I read books, I write about books, I would probably marry a book if I could find one who liked me enough. Three words to describe me mature, irresponsible, contradictory, unreliable...oh...that's four...
Damn! A Cultural History of Swearing in Modern America
Rob Chirico, artist and author of several books, including Field Guide to Cocktails.
Non-fiction works aiming to investigate the historical underpinnings of society's obsession with bad words thankfully don't come with plots.
What the Shit? Why We Curse All the Fucking Time
Coming up with creative ways to dump on your friends when you were younger; brooding in timeout after your hypocrite parents washed your mouth out with soap when you were younger; cursing: any time, anywhere.
Shit, piss, fuck, cunt, cocksucker, motherfucker, and tits.
Oh, I've been living in this filthy world for years, believe me.
Literally or figuratively, words cannot stand alone; they can only be fully understood in relation to the message they are meant to convey. In that respect the context in which language is spoken determines the comprehension and reaction of the listener. Is our choice of graphic expletives just a means of being descriptive, or is it an expression for establishing and possibly rationalizing our personal identities in the real world around us? On a more basic level, have we assimilated the F-bomb into our vocabulary just because it sounds so damned good?
Everybody curses. Parents curse. Pastors curse. Presidents curses. Everyone expresses anger or frustration or joy or sorrow vocally, often using a few choice words to color their response. Damn! takes a look at why we all curse, how certain words became so prevalent in the English language, and the various ways that people curse even when they think they're being clean (spoiler alert: there's really no difference between screaming "shoot" and "shit" when stubbing a toe, at least to your brain).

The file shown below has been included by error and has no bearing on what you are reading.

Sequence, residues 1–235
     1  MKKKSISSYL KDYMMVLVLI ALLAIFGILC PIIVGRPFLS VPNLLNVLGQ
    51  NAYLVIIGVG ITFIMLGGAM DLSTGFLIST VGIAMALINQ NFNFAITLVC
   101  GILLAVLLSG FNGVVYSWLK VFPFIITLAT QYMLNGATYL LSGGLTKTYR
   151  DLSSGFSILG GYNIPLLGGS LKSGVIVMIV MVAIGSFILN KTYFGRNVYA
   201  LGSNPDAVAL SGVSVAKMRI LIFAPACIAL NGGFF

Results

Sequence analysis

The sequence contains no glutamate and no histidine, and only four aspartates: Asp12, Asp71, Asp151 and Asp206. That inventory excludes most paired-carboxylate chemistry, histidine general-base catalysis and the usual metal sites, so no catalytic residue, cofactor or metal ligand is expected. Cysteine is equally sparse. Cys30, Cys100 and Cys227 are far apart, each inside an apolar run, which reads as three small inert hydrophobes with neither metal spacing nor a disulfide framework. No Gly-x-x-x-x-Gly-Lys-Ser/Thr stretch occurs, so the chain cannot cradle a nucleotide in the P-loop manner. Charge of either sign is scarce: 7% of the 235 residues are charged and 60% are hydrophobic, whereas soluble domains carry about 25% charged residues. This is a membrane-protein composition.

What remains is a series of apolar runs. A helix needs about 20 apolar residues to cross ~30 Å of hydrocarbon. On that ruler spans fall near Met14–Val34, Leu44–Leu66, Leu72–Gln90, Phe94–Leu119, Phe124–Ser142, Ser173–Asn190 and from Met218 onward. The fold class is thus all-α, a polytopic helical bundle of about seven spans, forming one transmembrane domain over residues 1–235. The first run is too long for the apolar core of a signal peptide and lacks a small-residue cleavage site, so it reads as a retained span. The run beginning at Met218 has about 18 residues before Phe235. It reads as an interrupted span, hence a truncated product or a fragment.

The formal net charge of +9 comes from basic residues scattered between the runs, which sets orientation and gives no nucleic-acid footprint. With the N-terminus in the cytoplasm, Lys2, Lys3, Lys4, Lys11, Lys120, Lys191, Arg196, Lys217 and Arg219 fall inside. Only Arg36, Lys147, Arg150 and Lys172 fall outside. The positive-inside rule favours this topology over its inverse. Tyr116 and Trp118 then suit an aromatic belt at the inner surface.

This book could be a bit corny at times, but its in-depth look at various factors involved in swearing and its non/acceptance in our society is fascinating. Each chapter approaches the concept from a specific angle, from the psychological necessity of cursing in a war zone to the rebellious nature of the evolution of women's use of dirty language to the emotional relationship that swearing has to crying, one being more and more acceptable than the other as a person ages. It's a fairly straightforward read, so it isn't going to mightily impress someone who isn't already interested in learning about so-called "filthy language," but on the flip side, anyone with a mouth towards the vulgar will appreciate the comprehensiveness of Chirico's handling of the topic. There are humorous anecdotes and running jokes and dirty stories all thrown in with the bawdy history lesson. The word "fuck" is given special attention, looked at from as many angles as it has functions in today's world.
There really are no surprises here. If you clinked on the link to read this review, you're probably the exact type of person who would enjoy this book. What the fuck are you waiting for? It could also work as a great gift for some vulgar dickhead, shit stain, or bastard in your life.
Bookshots review written for LitReactor by Brian McGackin